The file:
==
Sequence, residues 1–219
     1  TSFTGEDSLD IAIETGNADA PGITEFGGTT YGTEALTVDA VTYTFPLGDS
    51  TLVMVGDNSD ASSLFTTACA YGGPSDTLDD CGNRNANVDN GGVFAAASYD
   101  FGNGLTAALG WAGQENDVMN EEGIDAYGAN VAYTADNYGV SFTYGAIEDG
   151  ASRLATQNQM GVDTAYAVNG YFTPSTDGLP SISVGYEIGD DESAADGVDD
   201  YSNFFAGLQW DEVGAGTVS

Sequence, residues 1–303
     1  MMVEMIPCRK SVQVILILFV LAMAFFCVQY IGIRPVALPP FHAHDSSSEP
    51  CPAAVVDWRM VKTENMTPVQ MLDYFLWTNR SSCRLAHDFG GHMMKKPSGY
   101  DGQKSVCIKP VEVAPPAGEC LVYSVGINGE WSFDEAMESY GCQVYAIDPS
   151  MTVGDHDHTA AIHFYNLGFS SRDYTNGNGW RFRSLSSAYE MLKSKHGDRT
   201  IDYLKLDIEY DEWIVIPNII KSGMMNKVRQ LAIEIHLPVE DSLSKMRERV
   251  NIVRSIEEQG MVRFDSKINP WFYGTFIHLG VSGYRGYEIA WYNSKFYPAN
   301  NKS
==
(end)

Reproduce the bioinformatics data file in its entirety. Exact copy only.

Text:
Sequence, residues 1–219
     1  TSFTGEDSLD IAIETGNADA PGITEFGGTT YGTEALTVDA VTYTFPLGDS
    51  TLVMVGDNSD ASSLFTTACA YGGPSDTLDD CGNRNANVDN GGVFAAASYD
   101  FGNGLTAALG WAGQENDVMN EEGIDAYGAN VAYTADNYGV SFTYGAIEDG
   151  ASRLATQNQM GVDTAYAVNG YFTPSTDGLP SISVGYEIGD DESAADGVDD
   201  YSNFFAGLQW DEVGAGTVS

Sequence, residues 1–303
     1  MMVEMIPCRK SVQVILILFV LAMAFFCVQY IGIRPVALPP FHAHDSSSEP
    51  CPAAVVDWRM VKTENMTPVQ MLDYFLWTNR SSCRLAHDFG GHMMKKPSGY
   101  DGQKSVCIKP VEVAPPAGEC LVYSVGINGE WSFDEAMESY GCQVYAIDPS
   151  MTVGDHDHTA AIHFYNLGFS SRDYTNGNGW RFRSLSSAYE MLKSKHGDRT
   201  IDYLKLDIEY DEWIVIPNII KSGMMNKVRQ LAIEIHLPVE DSLSKMRERV
   251  NIVRSIEEQG MVRFDSKINP WFYGTFIHLG VSGYRGYEIA WYNSKFYPAN
   301  NKS